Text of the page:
Dubliners by james joyce
To what extent are the short stories in Dubliners a criticism of Ireland?
James Joyce was born in the south of Dublin and had seen both sides of Ireland; he was a real Dubliner. Joyce he was part of the catholic middle-class. He wrote Dubliners in 1914. During this period there was a conflict between English and Irish as English colonized Ireland. Indeed, in The Two Gallants the English ancestry towards Irish is revealed by the places’ names such as ‘Kildare St Club’ which was named after the British colonization. Also, in The Sisters Father Flynn dies on the first of July which corresponds to the Battle of Boyne when the Catholic Ireland defeated. The choice of this specific date is not a coincidence; it has been chosen to criticize Ireland, actually to say that it is a sort of ‘dead country’. Also, in Counterparts, Farrington’s job (to copy legal articles) shows a lack of inventiveness, but within the story antagonism between two paralysed worlds (Ireland and a more energetic outside world), we can see an inter dependence at the encounter with the London Girl. Another strong symbol of the criticism of Ireland is the Girl in the Two Gallants; she represents the depraved conditions under colonial rules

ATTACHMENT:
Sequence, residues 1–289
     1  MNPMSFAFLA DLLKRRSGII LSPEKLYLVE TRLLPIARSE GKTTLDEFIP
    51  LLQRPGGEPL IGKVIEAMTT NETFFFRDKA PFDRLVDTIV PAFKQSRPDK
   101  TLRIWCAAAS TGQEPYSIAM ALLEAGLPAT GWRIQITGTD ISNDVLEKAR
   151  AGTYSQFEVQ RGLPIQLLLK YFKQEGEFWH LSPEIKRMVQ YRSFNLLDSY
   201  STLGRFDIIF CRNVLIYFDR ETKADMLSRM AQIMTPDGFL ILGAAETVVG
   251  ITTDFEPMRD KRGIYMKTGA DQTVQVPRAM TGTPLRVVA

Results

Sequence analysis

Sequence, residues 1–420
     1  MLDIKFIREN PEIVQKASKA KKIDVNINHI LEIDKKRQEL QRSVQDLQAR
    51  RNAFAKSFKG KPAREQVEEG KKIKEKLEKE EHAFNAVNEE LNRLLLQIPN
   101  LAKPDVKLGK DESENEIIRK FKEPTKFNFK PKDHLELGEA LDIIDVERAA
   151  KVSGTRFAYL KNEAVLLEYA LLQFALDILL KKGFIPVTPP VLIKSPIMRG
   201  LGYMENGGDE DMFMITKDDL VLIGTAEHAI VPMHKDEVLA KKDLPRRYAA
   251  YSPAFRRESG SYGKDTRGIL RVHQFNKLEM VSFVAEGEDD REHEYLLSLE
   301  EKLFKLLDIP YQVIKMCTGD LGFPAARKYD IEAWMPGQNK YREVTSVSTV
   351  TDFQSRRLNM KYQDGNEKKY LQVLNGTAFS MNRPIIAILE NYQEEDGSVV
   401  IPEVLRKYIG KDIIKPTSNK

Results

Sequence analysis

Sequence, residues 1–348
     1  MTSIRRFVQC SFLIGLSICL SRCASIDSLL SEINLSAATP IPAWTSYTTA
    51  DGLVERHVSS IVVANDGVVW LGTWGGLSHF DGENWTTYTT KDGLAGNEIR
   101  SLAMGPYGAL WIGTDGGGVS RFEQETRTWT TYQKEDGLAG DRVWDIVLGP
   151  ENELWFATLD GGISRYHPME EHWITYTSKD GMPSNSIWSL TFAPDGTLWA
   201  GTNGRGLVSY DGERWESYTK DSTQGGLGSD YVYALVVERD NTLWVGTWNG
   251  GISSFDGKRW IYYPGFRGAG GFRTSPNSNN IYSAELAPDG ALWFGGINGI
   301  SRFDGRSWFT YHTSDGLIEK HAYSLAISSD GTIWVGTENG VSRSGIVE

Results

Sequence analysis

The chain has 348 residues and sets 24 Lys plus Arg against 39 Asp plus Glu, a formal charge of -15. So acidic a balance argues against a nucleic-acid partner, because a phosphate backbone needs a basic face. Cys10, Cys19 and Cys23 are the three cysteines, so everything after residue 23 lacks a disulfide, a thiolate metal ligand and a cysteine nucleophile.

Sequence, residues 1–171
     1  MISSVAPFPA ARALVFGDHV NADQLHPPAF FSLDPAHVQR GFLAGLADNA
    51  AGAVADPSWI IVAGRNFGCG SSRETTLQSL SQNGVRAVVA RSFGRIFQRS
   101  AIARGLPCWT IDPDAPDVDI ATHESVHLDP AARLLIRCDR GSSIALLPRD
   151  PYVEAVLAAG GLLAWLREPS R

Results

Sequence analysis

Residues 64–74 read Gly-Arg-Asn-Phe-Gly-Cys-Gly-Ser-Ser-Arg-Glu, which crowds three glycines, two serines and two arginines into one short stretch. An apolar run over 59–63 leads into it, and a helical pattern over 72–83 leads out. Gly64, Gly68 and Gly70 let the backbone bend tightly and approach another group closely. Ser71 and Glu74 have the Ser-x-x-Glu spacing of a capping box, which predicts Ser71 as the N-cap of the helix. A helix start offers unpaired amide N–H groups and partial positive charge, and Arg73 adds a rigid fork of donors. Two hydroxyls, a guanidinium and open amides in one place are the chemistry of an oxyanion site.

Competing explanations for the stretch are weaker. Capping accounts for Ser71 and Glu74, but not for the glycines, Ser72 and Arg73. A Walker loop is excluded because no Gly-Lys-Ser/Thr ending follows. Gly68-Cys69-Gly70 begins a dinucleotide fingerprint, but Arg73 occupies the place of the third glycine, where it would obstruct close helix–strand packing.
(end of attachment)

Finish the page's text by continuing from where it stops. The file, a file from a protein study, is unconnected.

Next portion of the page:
One of the other ways with which Ireland is criticised is the use of the colours. Indeed, in Araby the darkness of the winter symbolizes the death, the stagnation and the sterility of the country: the season is a season of ‘lack of light’ with adjectives such as ‘sombre’, ‘feeble street lights’, and ‘dark odorous stables’ which gives to the reader an impression of dirtiness. In Ivy Day in the Committee Room, the green eyes of the old Josser represents Ireland called ‘the Emerald isle’ in opposition to the canvasser’s blue eyes. Ireland is also criticized with the omnipresence of brown colour as when the houses are described in The Boarding House; and also with suggested colours as the